Summary: John Etchemendy shakes his head. He unclasps his hands, then clasps them again. “I’m terribly worried,” he finally says. “I think that academia has not been going in a good direction in terms of academic freedom.” After 16 years as provost and four years pursuing his intellectual passions, he can’t shake the concern that the academy is becoming increasingly one-sided and less tolerant of people with different perspectives. And without the ability to pressure-test ideas, the public trust in universities can erode. “You know, up until fairly recently—I think it’s fair to say 10 years ago—support for academia was completely bipartisan,” Etchemendy says. “Science was good. That has completely become a partisan issue.”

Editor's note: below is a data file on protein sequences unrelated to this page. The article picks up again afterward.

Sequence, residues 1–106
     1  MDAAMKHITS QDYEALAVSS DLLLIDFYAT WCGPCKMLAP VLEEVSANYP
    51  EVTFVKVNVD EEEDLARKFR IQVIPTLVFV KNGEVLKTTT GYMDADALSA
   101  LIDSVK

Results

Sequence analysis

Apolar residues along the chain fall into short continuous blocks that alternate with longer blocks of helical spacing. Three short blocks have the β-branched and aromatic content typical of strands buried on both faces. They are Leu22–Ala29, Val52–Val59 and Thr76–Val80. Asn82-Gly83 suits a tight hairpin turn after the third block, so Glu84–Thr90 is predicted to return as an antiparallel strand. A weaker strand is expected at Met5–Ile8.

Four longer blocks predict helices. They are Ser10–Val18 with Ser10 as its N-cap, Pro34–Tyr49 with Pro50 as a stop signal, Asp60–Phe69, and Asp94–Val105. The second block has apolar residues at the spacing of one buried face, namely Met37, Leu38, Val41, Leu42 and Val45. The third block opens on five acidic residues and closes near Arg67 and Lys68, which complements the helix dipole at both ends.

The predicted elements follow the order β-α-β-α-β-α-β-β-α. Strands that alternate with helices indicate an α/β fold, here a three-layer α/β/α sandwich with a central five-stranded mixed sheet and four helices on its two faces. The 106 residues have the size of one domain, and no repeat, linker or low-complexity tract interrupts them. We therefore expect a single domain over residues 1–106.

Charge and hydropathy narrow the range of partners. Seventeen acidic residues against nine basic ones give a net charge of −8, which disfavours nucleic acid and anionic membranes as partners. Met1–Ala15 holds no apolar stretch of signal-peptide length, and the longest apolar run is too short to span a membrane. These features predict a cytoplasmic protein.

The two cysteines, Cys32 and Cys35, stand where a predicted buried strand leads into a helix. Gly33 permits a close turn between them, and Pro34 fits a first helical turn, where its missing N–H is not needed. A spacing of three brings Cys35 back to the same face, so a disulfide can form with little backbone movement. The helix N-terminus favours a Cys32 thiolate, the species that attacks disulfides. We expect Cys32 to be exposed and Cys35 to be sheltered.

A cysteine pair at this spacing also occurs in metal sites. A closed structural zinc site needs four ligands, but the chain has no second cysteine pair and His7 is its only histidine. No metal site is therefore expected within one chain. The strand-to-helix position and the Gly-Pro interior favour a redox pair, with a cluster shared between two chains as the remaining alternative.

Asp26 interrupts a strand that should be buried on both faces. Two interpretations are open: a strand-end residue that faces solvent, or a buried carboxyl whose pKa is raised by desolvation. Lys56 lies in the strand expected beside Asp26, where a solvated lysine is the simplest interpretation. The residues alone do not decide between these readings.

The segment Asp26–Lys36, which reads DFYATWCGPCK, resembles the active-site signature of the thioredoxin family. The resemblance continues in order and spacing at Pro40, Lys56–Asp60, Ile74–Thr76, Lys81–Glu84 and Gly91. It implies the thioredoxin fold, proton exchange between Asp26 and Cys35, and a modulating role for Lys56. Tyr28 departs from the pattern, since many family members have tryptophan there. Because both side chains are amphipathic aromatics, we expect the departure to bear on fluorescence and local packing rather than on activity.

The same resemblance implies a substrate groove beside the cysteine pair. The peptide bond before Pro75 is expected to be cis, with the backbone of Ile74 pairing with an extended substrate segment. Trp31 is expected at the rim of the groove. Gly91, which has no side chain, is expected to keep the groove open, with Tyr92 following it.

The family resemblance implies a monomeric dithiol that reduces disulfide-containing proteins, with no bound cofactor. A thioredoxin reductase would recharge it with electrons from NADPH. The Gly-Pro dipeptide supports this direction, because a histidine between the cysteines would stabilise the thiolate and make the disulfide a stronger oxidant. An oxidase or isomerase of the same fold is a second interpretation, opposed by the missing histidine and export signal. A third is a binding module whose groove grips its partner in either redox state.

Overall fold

During recent campus controversies over science, politics and speech, Etchemendy, PhD ’82, has been the center. Not at the center; literally the center. His fretting over academic freedom might seem esoteric. But what’s at stake is nothing less than the university’s—and, by extension, society’s—ability to search for truth.